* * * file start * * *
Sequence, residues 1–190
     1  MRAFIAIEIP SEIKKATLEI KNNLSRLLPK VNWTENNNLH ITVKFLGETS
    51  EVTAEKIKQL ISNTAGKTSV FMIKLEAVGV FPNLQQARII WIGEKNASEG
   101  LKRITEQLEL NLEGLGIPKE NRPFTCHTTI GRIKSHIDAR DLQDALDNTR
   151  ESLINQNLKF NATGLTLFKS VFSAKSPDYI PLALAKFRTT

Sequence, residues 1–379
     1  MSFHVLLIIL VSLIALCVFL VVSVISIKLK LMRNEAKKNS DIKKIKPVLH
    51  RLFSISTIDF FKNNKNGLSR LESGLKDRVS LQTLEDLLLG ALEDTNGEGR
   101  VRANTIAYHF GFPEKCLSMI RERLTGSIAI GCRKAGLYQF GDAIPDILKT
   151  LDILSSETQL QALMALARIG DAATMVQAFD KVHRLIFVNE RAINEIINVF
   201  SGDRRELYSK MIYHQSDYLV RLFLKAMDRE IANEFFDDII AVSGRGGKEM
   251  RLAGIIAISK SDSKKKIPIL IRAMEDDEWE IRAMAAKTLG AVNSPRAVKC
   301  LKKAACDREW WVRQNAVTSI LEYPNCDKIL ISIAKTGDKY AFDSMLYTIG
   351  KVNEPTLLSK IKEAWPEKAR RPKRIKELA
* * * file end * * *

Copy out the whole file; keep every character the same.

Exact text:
Sequence, residues 1–190
     1  MRAFIAIEIP SEIKKATLEI KNNLSRLLPK VNWTENNNLH ITVKFLGETS
    51  EVTAEKIKQL ISNTAGKTSV FMIKLEAVGV FPNLQQARII WIGEKNASEG
   101  LKRITEQLEL NLEGLGIPKE NRPFTCHTTI GRIKSHIDAR DLQDALDNTR
   151  ESLINQNLKF NATGLTLFKS VFSAKSPDYI PLALAKFRTT

Sequence, residues 1–379
     1  MSFHVLLIIL VSLIALCVFL VVSVISIKLK LMRNEAKKNS DIKKIKPVLH
    51  RLFSISTIDF FKNNKNGLSR LESGLKDRVS LQTLEDLLLG ALEDTNGEGR
   101  VRANTIAYHF GFPEKCLSMI RERLTGSIAI GCRKAGLYQF GDAIPDILKT
   151  LDILSSETQL QALMALARIG DAATMVQAFD KVHRLIFVNE RAINEIINVF
   201  SGDRRELYSK MIYHQSDYLV RLFLKAMDRE IANEFFDDII AVSGRGGKEM
   251  RLAGIIAISK SDSKKKIPIL IRAMEDDEWE IRAMAAKTLG AVNSPRAVKC
   301  LKKAACDREW WVRQNAVTSI LEYPNCDKIL ISIAKTGDKY AFDSMLYTIG
   351  KVNEPTLLSK IKEAWPEKAR RPKRIKELA